by Dr. Robert Smith
A bariatric doctor specializes in problems of the stomach and digestive system. The best bariatric doctors belong to The American Society of Bariatric Physicians (ASBP), which is the name of the medical professional association for physicians who treat and manage overweight and obese patients and their related conditions.
The American Society of Bariatric Physicians is the primary source for clinical education and training for the non-surgical medical management of obesity. An obesity program should be supervised by a physician who is a member of the ASBP and who has completed specialized training in bariatric medicine.
If you have already know which kind of bariatric procedure you wish to have, then it’s important to find bariatric doctors who are experts in that particular procedure. Don’t allow a general doctor to make the decision for you.
Make sure you do some fact-finding on your own because unfortunately, bariatric physicians need to make money just like anyone else. They will of course try to persuade you to have surgery in their own clinic!
For example, if you search for bariatric doctors in Atlanta, you’ll probably read that it’s the best place to have the surgery done because of the warm weather. The most important thing is to find a bariatric surgeon with an outstanding reputation to perform your bariatric surgery. Don’t be afraid to travel to another city or another state to find the best gastric surgeon.
Also, don’t get sucked in by the fit, attractive men and women on the covers of brochures for certain bariatric clinics. Often, these are models and not real people who have actually had weight loss surgery.
Qualified weight loss doctors have received many hours of specialized training in bariatric medicine in order to help individuals suffering from obesity. This chronic disease can be treated with a comprehensive program of diet and nutrition, as well as exercise and lifestyle changes.
Before proceeding with obesity surgery, problems such as such as emotional eating, binge eating, negative body image, low self esteem and lack of self control should be treated with behavioral counseling. A medical weight loss program should be structured to help one maintain weight loss for the long-term.
Research your bariatric surgeon’s background. Weight loss surgery success rates are usually dependent on the doctor’s experience level and past track-record. Your surgery will be more likely to succeed if you choose a doctor who has performed hundreds of bariatric surgeries already.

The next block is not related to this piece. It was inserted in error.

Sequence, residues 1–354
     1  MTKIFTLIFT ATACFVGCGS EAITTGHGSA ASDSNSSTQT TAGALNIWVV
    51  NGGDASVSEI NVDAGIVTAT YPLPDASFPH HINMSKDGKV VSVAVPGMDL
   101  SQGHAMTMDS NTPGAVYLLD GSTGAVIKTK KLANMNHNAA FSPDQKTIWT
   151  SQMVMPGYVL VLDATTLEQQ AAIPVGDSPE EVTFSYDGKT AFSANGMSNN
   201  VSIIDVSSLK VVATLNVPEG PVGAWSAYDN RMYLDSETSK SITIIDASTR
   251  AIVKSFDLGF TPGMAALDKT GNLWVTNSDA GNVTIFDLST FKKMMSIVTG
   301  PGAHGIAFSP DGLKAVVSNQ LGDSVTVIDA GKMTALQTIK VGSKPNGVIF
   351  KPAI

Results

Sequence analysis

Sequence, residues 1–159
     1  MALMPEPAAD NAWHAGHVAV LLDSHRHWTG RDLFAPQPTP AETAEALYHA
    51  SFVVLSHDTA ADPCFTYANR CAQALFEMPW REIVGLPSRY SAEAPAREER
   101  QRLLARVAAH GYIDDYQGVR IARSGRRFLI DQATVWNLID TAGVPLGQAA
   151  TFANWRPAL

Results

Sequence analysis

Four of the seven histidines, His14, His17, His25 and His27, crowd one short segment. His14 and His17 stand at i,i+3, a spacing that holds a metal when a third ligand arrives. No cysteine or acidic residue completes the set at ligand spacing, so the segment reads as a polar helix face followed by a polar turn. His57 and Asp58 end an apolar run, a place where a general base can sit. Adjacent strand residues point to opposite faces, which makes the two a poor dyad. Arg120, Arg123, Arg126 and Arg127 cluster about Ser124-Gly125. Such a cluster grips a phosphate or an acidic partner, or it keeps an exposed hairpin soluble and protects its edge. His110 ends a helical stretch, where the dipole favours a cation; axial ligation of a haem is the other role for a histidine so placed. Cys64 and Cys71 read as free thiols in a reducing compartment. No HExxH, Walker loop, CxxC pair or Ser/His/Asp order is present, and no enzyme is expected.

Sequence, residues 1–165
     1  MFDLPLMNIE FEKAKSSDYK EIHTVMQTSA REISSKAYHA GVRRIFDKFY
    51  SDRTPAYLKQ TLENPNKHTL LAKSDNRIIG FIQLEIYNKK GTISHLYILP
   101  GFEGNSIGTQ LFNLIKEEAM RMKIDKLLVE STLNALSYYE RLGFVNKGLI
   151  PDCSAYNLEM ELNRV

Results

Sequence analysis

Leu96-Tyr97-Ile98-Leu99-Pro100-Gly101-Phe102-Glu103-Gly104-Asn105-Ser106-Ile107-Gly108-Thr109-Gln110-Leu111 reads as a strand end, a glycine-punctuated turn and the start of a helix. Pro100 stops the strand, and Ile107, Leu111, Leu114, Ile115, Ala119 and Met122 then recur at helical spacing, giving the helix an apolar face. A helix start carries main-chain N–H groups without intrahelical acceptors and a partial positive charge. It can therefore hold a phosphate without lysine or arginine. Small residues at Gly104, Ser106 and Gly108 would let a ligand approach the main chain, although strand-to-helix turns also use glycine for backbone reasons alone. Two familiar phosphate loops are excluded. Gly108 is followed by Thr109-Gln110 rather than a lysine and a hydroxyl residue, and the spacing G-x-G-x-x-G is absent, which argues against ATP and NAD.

Here are some questions to ask your bariatric surgeon during your initial consultation:
Be straightforward and honest about your own medical history. Don’t talk yourself into bariatric surgery! It’s not a decision that should be taken lightly. Your doctor may be able to offer an alternative to surgery.
Discuss with your weight loss doctor your expectations for eating habits and weight loss after the surgery. Make sure you have information on bariatric surgery diets so that you understand what you can and cannot eat.
Be aware of potential side effects. Complications that are common with bariatric gastric bypass surgery include infection, internal bleeding, blood clots, bowel obstruction and anesthesia-related problems. Even successful surgery can have unwanted side effects such as loose skin, gallstones, vitamin deficiency and “dumping syndrome.”
Be clear on the cost of weight loss surgery and your payment options. Weight loss surgery may be covered by insurance as a medical need, but make sure you confirm this. Bariatric procedures are quite expensive, and your physician might have some type of payment plan or financial assistance to help you defray the cost of the surgery.
By taking the time to thoroughly research your physician’s background before proceeding with bariatric surgery for weight loss, you will be able to achieve greater peace of mind, knowing that you have chosen the most qualified doctor available in your area. Given the seriousness of the choice to proceed with obesity surgery, the extra time spent will be well worth it.
(published April 5, 2010)